And this one is on Republicans. That’s not a partisan take—it’s just a fact. Republicans want to make this country less democratic (small “d”), which, to be fair, can be a defensible position. I for one am not one of those, “no matter what, make sure you vote” people. I want you to vote if you think like I do, but if you don’t, I’m perfectly happy to let you stay home. I’m also not a fan of uninformed voting. If you don’t feel qualified to vote in a particular election or on a particular race, then maybe you shouldn’t? Like, if I don’t know anything about the two people running for judge in District Random Number-Random Letter, then I probably shouldn’t put my thumb on the scale. Yet, how many local races were swung this year by uninformed voters randomly circling the names of candidates due to some misguided sense of civic responsibility?
But Republicans are antidemocratic for all the wrong reasons. They know that the poor and underprivileged are less likely to vote for them, so they purposefully make it more difficult for those people to vote, mostly by exploiting the fact that they’re poor and underprivileged. Again, how can we call ourselves the world’s greatest democracy when the people most screwed by the system are the same people who experience the most obstacles in casting a vote to change that system?
Unfortunately, opportunities for electoral reform—or any other Democratic initiatives—may be limited due to the underwhelming performance of Democrats in down-ballot races. And while I’ll maintain that the presidency was the most important prize for Democrats in this election, their probable inability to flip the Senate dramatically limits what they can do with that prize (still holding out hope, Georgia!!!)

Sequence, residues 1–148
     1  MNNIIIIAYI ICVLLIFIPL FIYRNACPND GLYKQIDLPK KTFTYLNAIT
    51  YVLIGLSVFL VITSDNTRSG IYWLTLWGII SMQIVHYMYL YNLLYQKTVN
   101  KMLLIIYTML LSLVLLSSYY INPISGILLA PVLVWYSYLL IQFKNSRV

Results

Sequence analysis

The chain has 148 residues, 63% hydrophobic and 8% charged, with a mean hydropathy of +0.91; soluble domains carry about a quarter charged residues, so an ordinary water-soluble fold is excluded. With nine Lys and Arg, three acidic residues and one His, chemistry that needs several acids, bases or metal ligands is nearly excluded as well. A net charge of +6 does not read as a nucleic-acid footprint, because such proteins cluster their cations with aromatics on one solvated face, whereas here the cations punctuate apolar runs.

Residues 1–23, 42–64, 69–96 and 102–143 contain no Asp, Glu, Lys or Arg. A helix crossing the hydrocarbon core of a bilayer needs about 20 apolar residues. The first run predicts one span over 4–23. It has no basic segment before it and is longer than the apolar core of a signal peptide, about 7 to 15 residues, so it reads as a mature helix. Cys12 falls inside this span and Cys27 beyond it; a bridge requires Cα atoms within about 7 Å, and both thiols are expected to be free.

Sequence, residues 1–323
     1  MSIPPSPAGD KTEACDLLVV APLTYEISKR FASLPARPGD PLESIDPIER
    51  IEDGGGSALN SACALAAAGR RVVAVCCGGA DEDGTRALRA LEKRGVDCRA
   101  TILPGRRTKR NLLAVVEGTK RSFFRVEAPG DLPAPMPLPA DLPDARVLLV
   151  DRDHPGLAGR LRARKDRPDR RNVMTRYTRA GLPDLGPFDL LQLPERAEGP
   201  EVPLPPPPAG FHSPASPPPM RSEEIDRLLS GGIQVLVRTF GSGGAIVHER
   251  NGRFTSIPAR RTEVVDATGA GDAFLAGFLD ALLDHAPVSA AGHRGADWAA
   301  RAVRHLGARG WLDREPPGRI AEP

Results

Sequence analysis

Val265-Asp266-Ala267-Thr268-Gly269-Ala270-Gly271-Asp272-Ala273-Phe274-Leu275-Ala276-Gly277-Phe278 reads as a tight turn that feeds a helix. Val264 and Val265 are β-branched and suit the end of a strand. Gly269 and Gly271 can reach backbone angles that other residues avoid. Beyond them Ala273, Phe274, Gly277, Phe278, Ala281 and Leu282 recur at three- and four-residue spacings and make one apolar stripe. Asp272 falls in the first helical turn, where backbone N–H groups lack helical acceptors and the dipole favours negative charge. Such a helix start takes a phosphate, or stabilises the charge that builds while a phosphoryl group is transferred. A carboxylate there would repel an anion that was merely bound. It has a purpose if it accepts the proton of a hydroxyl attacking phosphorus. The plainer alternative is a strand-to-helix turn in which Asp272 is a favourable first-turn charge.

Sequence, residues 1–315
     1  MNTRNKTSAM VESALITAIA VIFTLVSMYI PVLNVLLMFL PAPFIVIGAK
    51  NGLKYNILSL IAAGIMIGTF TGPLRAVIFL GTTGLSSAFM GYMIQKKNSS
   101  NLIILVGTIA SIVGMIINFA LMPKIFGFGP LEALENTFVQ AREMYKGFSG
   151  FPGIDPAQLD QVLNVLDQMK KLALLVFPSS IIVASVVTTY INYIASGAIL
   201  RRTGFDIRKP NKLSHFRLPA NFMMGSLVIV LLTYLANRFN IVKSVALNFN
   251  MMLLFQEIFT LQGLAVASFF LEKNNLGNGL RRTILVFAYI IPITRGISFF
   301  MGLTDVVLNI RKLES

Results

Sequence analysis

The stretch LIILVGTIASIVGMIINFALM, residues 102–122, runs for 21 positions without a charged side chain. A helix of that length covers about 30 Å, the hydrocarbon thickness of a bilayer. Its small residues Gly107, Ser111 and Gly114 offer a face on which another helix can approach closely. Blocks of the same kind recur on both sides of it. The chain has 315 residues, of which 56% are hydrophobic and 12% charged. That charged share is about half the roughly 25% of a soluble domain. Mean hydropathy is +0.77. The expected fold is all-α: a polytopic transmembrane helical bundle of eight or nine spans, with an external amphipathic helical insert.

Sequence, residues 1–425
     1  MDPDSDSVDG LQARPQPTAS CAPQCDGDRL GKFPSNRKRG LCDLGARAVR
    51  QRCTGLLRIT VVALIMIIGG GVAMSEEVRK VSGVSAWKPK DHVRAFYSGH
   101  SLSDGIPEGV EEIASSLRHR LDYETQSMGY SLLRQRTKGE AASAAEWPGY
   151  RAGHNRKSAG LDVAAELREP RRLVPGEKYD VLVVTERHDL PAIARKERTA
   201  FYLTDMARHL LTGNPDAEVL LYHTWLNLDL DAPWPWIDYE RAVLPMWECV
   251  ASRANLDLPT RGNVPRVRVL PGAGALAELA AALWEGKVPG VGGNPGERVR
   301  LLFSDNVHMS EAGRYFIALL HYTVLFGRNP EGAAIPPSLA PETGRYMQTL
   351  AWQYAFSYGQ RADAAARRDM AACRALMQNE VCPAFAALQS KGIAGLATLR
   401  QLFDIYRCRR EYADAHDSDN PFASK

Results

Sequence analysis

But I want to end on a positive note—something that’s got lost midst all the noise of rollercoaster results and Trump temper tantrums. That something is Kamala Harris. Kamala Harris is the daughter of immigrants. Kamala Harris is a woman of color. And Kamala Harris is the first female vice president in the history of the United States of America. That deserves to be celebrated.
If nothing else, I hope we can all recognize that. That just for a moment, we can take off our partisan hats, collectively rise to our feet, and give that American accomplishment the standing ovation it deserves. No matter what you think of Kamala the politician, she represents progress for this country. She represents the long overdue culmination of a decades-long effort by both parties to put a woman on a successful presidential ticket. For millions of young girls across the country and the globe, and especially for young black and brown girls, she represents a transcendence of what is even possible. You can oppose Kamala’s agenda tomorrow, but tonight, you should celebrate her. If we’re able to do that, especially for people who did not vote for the Biden-Harris ticket, perhaps we can begin the work of healing this country after an incredibly divisive end to an incredibly divisive presidency. It’s my sincere hope that a significant slice of the 69 million voters and counting that went for Trump can demonstrate that ability. But if not, things might get uglier before they get better.